Charles Dickens

Yoho! Yoho!

Was the box there, when they came up to the old finger-post? The box! Was Mrs Lupin herself? Had she turned out magnificently as a hostess should, in her own chaise-cart, and was she sitting in a mahogany chair, driving her own horse Dragon (who ought to have been called Dumpling), and looking lovely? Did the stage-coach pull up beside her, shaving her very wheel, and even while the guard helped her man up with the trunk, did he send the glad echoes of his bugle careering down the chimneys of the distant Pecksniff, as if the coach expressed its exultation in the rescue of Tom Pinch?

'This is kind indeed!' said Tom, bending down to shake hands with her. 'I didn't mean to give you this trouble.'

'Trouble, Mr Pinch!' cried the hostess of the Dragon.

'Well! It's a pleasure to you, I know,' said Tom, squeezing her hand heartily. 'Is there any news?'

The hostess shook her head.

'Say you saw me,' said Tom, 'and that I was very bold and cheerful, and not a bit down-hearted; and that I entreated her to be the same, for all is certain to come right at last. Good-bye!'

'You'll write when you get settled, Mr Pinch?' said Mrs Lupin.

'When I get settled!' cried Tom, with an involuntary opening of his eyes. 'Oh, yes, I'll write when I get settled. Perhaps I had better write before, because I may find that it takes a little time to settle myself; not having too much money, and having only one friend. I shall give your love to the friend, by the way. You were always great with Mr Westlock, you know. Good-bye!'

'Good-bye!' said Mrs Lupin, hastily producing a basket with a long bottle sticking out of it. 'Take this. Good-bye!'

'Do you want me to carry it to London for you?' cried Tom. She was already turning the chaise-cart round.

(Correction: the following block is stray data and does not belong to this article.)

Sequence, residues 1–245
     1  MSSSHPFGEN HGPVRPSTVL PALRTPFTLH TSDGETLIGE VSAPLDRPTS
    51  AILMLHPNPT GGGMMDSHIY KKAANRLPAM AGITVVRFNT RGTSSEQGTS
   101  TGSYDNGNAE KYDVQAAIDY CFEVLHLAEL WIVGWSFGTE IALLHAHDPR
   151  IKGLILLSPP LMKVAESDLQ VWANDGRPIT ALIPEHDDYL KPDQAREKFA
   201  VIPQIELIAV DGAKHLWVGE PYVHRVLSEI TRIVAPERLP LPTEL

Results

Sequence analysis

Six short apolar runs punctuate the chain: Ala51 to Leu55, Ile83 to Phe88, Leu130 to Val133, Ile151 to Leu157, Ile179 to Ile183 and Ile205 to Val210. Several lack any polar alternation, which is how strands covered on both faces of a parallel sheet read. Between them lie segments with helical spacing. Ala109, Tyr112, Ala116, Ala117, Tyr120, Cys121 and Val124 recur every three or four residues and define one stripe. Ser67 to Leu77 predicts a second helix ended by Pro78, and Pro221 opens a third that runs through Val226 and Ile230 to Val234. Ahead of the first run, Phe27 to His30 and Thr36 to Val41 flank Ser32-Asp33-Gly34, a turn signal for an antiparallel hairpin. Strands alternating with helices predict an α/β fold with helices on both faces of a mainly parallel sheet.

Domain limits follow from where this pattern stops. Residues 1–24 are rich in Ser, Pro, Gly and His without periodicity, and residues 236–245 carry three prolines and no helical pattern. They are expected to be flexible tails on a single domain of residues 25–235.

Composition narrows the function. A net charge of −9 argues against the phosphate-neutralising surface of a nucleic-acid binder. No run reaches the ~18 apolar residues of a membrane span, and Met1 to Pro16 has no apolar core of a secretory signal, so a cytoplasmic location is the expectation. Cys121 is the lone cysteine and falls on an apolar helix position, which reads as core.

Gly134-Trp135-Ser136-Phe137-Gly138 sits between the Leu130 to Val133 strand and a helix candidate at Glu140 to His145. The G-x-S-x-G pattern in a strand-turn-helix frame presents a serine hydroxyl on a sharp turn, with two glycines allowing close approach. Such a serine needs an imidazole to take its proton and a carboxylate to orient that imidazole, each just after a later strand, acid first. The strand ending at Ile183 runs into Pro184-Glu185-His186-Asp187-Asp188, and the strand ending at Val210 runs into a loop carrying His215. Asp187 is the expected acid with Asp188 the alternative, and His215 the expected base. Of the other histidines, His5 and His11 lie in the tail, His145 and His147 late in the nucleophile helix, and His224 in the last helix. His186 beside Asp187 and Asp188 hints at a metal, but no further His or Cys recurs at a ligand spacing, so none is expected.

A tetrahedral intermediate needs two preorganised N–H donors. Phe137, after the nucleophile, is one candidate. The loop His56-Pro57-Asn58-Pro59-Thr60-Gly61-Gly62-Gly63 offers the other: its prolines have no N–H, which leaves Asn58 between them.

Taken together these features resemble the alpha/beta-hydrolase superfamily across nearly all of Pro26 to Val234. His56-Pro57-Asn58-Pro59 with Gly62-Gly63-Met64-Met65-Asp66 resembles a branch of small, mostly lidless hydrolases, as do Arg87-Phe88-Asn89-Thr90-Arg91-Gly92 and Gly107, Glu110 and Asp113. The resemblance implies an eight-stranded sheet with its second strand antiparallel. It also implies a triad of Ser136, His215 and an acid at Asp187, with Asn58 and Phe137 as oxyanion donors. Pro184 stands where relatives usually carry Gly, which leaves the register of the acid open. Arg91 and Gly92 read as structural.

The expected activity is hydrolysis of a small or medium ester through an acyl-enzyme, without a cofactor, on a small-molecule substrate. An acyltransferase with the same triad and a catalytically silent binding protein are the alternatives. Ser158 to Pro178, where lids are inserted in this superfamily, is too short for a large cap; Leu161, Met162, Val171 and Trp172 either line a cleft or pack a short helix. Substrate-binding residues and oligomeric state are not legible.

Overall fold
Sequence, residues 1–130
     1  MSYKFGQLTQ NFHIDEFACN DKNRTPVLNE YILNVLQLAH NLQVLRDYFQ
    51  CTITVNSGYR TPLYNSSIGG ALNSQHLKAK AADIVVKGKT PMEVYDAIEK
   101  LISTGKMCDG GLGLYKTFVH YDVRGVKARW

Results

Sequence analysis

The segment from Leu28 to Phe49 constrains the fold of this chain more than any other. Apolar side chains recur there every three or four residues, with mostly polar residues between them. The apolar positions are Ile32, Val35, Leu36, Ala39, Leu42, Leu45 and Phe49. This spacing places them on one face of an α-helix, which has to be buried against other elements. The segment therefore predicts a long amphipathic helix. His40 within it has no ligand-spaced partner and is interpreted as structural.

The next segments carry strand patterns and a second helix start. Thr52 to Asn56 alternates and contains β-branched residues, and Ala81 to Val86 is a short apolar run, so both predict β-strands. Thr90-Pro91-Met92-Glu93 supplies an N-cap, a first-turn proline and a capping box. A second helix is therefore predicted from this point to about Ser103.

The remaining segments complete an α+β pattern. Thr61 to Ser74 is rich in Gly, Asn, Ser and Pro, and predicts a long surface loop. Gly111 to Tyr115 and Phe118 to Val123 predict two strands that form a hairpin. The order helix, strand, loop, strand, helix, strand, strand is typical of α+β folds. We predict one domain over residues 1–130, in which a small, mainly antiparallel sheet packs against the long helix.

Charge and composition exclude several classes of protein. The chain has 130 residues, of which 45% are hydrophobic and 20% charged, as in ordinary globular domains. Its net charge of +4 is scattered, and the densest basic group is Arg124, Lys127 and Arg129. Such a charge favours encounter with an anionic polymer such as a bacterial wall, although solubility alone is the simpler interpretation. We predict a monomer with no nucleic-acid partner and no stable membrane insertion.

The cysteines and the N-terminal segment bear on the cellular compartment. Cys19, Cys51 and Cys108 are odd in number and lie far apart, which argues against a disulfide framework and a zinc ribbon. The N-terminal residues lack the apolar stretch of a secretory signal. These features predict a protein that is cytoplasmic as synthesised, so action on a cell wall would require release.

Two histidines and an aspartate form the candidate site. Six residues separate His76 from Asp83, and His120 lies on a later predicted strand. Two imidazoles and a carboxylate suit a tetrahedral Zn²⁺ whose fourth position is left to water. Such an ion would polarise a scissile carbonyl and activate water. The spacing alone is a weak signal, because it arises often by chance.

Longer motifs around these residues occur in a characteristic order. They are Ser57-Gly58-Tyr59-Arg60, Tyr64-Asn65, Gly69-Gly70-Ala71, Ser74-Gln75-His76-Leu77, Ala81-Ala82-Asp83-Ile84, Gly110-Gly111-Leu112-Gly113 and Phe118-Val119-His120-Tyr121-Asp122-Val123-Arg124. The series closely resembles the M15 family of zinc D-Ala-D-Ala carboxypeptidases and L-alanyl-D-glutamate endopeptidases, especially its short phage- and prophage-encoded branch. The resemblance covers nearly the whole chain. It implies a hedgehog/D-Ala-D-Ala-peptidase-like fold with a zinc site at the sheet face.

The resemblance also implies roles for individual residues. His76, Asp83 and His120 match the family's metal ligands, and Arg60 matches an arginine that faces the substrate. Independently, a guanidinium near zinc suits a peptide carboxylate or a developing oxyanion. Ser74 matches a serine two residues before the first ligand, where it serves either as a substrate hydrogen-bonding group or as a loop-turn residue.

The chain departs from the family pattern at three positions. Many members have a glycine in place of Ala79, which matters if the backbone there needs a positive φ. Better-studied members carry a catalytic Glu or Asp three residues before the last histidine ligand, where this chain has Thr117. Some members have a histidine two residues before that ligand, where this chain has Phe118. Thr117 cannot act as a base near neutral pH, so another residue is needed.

'No, no,' said Mrs Lupin. 'It's only a little something for refreshment on the road. Sit fast, Jack. Drive on, sir. All right! Good-bye!'

She was a quarter of a mile off, before Tom collected himself; and then he was waving his hand lustily; and so was she.

'And that's the last of the old finger-post,' thought Tom, straining his eyes, 'where I have so often stood to see this very coach go by, and where I have parted with so many companions! I used to compare this coach to some great monster that appeared at certain times to bear my friends away into the world. And now it's bearing me away, to seek my fortune, Heaven knows where and how!'

It made Tom melancholy to picture himself walking up the lane and back to Pecksniff's as of old; and being melancholy, he looked downwards at the basket on his knee, which he had for the moment forgotten.

'She is the kindest and most considerate creature in the world,' thought Tom. 'Now I KNOW that she particularly told that man of hers not to look at me, on purpose to prevent my throwing him a shilling! I had it ready for him all the time, and he never once looked towards me; whereas that man naturally, (for I know him very well,) would have done nothing but grin and stare. Upon my word, the kindness of people perfectly melts me.'

Here he caught the coachman's eye. The coachman winked. 'Remarkable fine woman for her time of life,' said the coachman.

'I quite agree with you,' returned Tom. 'So she is.'

'Finer than many a young 'un, I mean to say,' observed the coachman. 'Eh?'

'Than many a young one,' Tom assented.

'I don't care for 'em myself when they're too young,' remarked the coachman.

This was a matter of taste, which Tom did not feel himself called upon to discuss.

'You'll seldom find 'em possessing correct opinions about refreshment, for instance, when they're too young, you know,' said the coachman; 'a woman must have arrived at maturity, before her mind's equal to coming provided with a basket like that.'

'Perhaps you would like to know what it contains?' said Tom, smiling.

As the coachman only laughed, and as Tom was curious himself, he unpacked it, and put the articles, one by one, upon the footboard. A cold roast fowl, a packet of ham in slices, a crusty loaf, a piece of cheese, a paper of biscuits, half a dozen apples, a knife, some butter, a screw of salt, and a bottle of old sherry.